The simple answer: torque is what you feel pushing you back in your seat when you hit the accelerator; horsepower is the speed you reach once that acceleration is complete.
Among hotly debated pub topics, defining "horsepower" and "torque" is up there with the offside rule and who was the best James Bond. In this article we'll give you a run down of the basics of each, so you'll be able to astound those around you when the subject next arises
Yes and no. When you start your ignition and hit the accelerator, your car's engine produces torque and power. As soon as air and fuel ignites, the combustion engine is at work - causing the crankshaft, transmission and axles to rotate. Thus the liquid remnants of billion-year-old organisms are converted into a getting from your house, to Tesco.
Horsepower and torque co-exist, and which is more important depends on if you’re after high speeds (horsepower) or shredding your tyres (torque). It is perhaps more useful to know the relationship between the two, rather than which is "better to have''.
Here we'll focus on "horsepower" and "torque".
These can be measured in a variety of ways - Brake Horse Power, Power Standard, Newton Metre, Watts, lbs / ft - etc., but we'll use Brake Horse Power (BHP) and lb/ft for torque.
Put in an over-simplified way, torque is what you feel pushing you back in your seat when you hit the accelerator; horsepower is the speed you reach once that acceleration is complete.
Torque is essentially a measurement of the ability to turn something - such as a wheel.
Horsepower is a measurement arrived at by knowing torque: BHP = Torque X RPM (revs per minute)/ 5252.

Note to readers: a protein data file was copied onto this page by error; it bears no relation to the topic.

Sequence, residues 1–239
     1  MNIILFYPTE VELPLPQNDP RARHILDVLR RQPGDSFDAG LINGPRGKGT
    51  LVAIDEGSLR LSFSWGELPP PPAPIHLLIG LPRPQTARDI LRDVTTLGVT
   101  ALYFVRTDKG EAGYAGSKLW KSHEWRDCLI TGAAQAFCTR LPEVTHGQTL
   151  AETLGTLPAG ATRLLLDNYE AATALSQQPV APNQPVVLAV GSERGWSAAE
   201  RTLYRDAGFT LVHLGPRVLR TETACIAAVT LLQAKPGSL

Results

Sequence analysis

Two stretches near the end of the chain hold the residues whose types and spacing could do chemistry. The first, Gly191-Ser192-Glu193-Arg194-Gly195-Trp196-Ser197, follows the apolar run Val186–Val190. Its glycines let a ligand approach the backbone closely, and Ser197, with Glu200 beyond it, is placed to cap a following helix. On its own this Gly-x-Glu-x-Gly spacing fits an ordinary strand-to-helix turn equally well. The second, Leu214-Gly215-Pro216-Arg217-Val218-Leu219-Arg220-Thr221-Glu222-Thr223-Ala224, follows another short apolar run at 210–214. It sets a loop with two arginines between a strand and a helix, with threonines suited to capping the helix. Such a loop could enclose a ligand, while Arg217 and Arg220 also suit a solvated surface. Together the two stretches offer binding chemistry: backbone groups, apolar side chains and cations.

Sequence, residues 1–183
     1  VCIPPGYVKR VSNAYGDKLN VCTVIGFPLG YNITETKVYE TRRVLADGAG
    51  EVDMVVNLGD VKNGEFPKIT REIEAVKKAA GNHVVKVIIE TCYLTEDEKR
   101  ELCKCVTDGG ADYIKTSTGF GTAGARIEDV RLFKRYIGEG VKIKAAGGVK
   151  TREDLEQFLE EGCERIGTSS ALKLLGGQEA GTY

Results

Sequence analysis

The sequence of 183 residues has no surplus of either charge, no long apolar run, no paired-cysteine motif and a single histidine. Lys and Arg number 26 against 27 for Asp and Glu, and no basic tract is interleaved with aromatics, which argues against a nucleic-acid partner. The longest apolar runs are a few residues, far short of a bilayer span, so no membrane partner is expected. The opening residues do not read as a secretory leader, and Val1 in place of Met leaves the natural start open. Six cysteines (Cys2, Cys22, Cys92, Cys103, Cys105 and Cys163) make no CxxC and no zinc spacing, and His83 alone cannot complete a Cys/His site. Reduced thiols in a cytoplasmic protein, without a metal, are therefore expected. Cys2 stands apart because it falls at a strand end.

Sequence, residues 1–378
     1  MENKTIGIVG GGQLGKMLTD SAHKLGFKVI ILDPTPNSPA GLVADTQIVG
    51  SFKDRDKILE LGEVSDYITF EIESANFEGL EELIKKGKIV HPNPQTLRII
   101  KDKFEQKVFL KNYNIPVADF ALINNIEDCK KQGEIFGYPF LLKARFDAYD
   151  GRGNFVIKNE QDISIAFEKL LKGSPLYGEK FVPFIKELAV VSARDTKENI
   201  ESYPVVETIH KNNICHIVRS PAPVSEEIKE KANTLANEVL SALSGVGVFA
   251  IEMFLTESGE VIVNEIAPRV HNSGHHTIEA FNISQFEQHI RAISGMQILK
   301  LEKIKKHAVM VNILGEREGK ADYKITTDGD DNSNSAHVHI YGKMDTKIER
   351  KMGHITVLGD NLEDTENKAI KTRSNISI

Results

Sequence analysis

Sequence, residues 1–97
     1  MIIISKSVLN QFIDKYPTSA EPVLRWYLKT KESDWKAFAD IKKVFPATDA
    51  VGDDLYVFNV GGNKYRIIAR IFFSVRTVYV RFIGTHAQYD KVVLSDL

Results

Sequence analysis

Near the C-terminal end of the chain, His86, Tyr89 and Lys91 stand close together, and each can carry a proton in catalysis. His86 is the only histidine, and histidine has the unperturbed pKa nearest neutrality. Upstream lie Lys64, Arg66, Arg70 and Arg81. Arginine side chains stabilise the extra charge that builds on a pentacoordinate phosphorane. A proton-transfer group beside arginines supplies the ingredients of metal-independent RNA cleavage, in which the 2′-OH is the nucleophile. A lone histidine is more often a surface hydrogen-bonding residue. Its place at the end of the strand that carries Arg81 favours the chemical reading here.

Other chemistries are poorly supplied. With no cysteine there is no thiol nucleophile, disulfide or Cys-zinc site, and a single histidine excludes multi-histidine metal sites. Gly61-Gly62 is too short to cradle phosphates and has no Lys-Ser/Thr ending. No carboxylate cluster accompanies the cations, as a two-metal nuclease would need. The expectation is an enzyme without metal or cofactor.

If we accept BHP and torque as the essential components of power, we should know that the characteristics of this power can be shaped. For instance, you'll generally get more torque from a long stroke engine than a short stroke unit. Following on from this, adjusting cam timing impacts power delivery: advancing cam timing tends to produce additional low-down torque, while limiting it results in horsepower of a higher RPM.
Forced induction (FI) is worth mentioning here, achieved by either supercharge or turbo charging.
This increases an engine's "power" without burning too much fuel - and it delivers more "torque".
This delivers additional horsepower.
Note: for simplicity's sake, both methods increase "power", but there are numerous other factors. To streamline the answer, the above results would be expected when FI is at play.
Fuel type - petrol or diesel - also impacts BHP and torque. Diesel is preferred for lorries and tractors because it delivers more torque. Petrol is more desirable for sports cars.
Horsepower (despite the name) is little good for pulling a car out of a ditch; in this case, torque is what you need. But if reaching blisteringly high speeds is your aim, BHP is the focus.
Car makers try to find a desirable balance between torque and BHP - depending on the vehicle’s application.
As electric cars appear destined to replace their combustion engined forebears, the importance of torque and horsepower will diminish - at least as far as pub debates are concerned.
Because electric engines can produce huge amounts of torque immediately, acceleration is invariably swift, despite the vast weight of those lithium-ion batteries.
If you consider that the Tesla Model S P90D can complete a 1/4 mile dash in only 10.9 seconds, and the Bugatti Veyron achieve the same in 10.175 seconds, it's clear electric powertrains will eventually match and exceed the performance of the (soon-to-be) humble combustion engine.
A wide range of factors influence an engine's power characteristics - including power-to-weight ratio (a small car will accelerate quicker than an SUV of the same amount of power), bore size, compression ratio, long/short stroke, and forced induction... the list goes on.
When choosing between torque and horsepower, the kind of ride you want should be the determining factor. But further, whether you’re buying a sports car or a tractor, the manufacturer will have already done the head-scratching over torque vs horsepower. That said, understanding these terms may help when choosing between similar vehicle types.